Baking tips from K-State Research and Extension

12/7/2010

One of the dilemmas that first time and even veteran bakers encounter is in determining when a baked product is done.

One of the dilemmas that first time and even veteran bakers encounter is in determining when a baked product is done.

Recipe directions generally provide estimated cooking or baking times, but such times can vary with oven temperature or the number of times the oven door is opened. Note: to take a peek, switching on an oven light (which doesn't affect baking temperature) is preferable to repeatedly opening the oven door.

Karen Blakeslee, KSU food scientist, says to put away the toothpicks and pull out a food thermometer to help determine when baked goods are done. She offers these general recommendations for doneness in holiday baked products:

* Yeast breads: When fully baked, yeast breads will typically sound hollow when tapped. The type of flour and other recipe ingredients (molasses, for example) will affect the color of the finished loaf. For example, a baked Swedish Tea Ring will be light golden brown; a Honey-Wheat Bread will be more golden brown and Swedish Rye Bread a darker brown. To check doneness, insert the probe of an instant-read food thermometer in the center of the loaf (but not touching the bottom of the baking pan). When the yeast bread is done, the thermometer should register 195 to 210 degrees F.

* Quick breads: quick bread relies on baking soda, baking powder (or both) and eggs, rather than yeast, for leavening. When done, quick breads are typically nicely browned, but often will have a break or crack down the center. The break in the dough allows steam to escape during baking and is normal for a quick bread. To test doneness with a food thermometer, insert the probe of an instant read food thermometer in the center of the loaf (but not touching the bottom of the baking pan). When the quick bread is done, the thermometer should register 210 degrees F.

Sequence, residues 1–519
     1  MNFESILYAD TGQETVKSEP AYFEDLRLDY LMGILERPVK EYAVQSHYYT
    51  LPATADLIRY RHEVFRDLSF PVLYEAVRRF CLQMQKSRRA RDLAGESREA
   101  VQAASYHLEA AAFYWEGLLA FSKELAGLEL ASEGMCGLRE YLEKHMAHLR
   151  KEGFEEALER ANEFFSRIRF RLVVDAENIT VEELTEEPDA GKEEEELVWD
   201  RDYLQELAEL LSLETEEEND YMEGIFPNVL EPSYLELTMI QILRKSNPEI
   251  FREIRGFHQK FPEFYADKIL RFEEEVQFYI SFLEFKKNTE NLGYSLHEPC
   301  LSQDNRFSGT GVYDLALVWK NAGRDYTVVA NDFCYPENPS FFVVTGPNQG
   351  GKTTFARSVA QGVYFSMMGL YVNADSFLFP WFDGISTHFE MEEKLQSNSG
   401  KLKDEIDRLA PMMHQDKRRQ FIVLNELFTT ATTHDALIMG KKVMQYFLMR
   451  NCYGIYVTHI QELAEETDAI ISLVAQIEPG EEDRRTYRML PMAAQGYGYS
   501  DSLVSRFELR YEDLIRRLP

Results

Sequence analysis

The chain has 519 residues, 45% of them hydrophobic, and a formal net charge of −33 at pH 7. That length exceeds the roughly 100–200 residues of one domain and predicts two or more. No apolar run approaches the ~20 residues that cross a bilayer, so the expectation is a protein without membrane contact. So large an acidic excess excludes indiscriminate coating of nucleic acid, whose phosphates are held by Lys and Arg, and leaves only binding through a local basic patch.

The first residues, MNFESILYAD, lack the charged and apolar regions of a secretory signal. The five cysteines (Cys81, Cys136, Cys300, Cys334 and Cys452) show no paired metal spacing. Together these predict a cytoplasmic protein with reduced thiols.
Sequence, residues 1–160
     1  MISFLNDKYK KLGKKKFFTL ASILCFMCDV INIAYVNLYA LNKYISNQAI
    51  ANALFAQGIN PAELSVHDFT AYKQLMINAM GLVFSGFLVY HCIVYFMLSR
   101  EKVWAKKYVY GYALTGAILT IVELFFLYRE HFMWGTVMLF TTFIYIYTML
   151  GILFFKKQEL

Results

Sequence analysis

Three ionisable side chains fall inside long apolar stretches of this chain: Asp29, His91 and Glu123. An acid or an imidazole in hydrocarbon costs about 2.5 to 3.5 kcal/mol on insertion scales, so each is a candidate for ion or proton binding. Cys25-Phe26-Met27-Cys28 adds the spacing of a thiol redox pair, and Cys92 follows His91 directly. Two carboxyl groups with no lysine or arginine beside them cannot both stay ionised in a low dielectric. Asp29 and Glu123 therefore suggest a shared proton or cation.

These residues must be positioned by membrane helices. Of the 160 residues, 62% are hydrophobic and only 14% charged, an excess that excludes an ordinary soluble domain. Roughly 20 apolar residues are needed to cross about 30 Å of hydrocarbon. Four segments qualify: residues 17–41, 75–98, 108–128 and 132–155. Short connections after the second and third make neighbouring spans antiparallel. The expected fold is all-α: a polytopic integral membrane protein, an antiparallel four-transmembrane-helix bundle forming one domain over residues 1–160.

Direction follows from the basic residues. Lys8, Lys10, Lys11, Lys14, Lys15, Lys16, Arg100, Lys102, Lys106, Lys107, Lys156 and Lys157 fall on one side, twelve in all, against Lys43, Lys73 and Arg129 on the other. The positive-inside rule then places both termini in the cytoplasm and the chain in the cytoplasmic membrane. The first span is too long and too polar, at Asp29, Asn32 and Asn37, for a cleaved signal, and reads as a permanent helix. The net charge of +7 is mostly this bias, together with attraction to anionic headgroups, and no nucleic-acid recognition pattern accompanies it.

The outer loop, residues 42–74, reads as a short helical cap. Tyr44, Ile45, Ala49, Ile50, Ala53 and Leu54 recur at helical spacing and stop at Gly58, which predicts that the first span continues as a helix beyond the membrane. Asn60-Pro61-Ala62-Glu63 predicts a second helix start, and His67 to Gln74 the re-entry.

* Cookies: Baking times for cookies can vary with the diameter and thickness of the cookie, density of the dough and the type (shiny or dark) of pan. Most types of cookies are done when the edges turn a pale golden brown. When making drop cookies, using a cookie scoop or two spoons to position the dropped dough 2 inches apart (unless the recipe directs otherwise) will ensure that cookies on the same baking sheet bake evenly. Lining the baking sheet with parchment paper will help prevent sticking and make the baked cookies easier to remove from the pan.

If you have specific questions about baking problems, please feel free to call me at the Finney County Extension Office, 272- 3670. Happy holiday baking!

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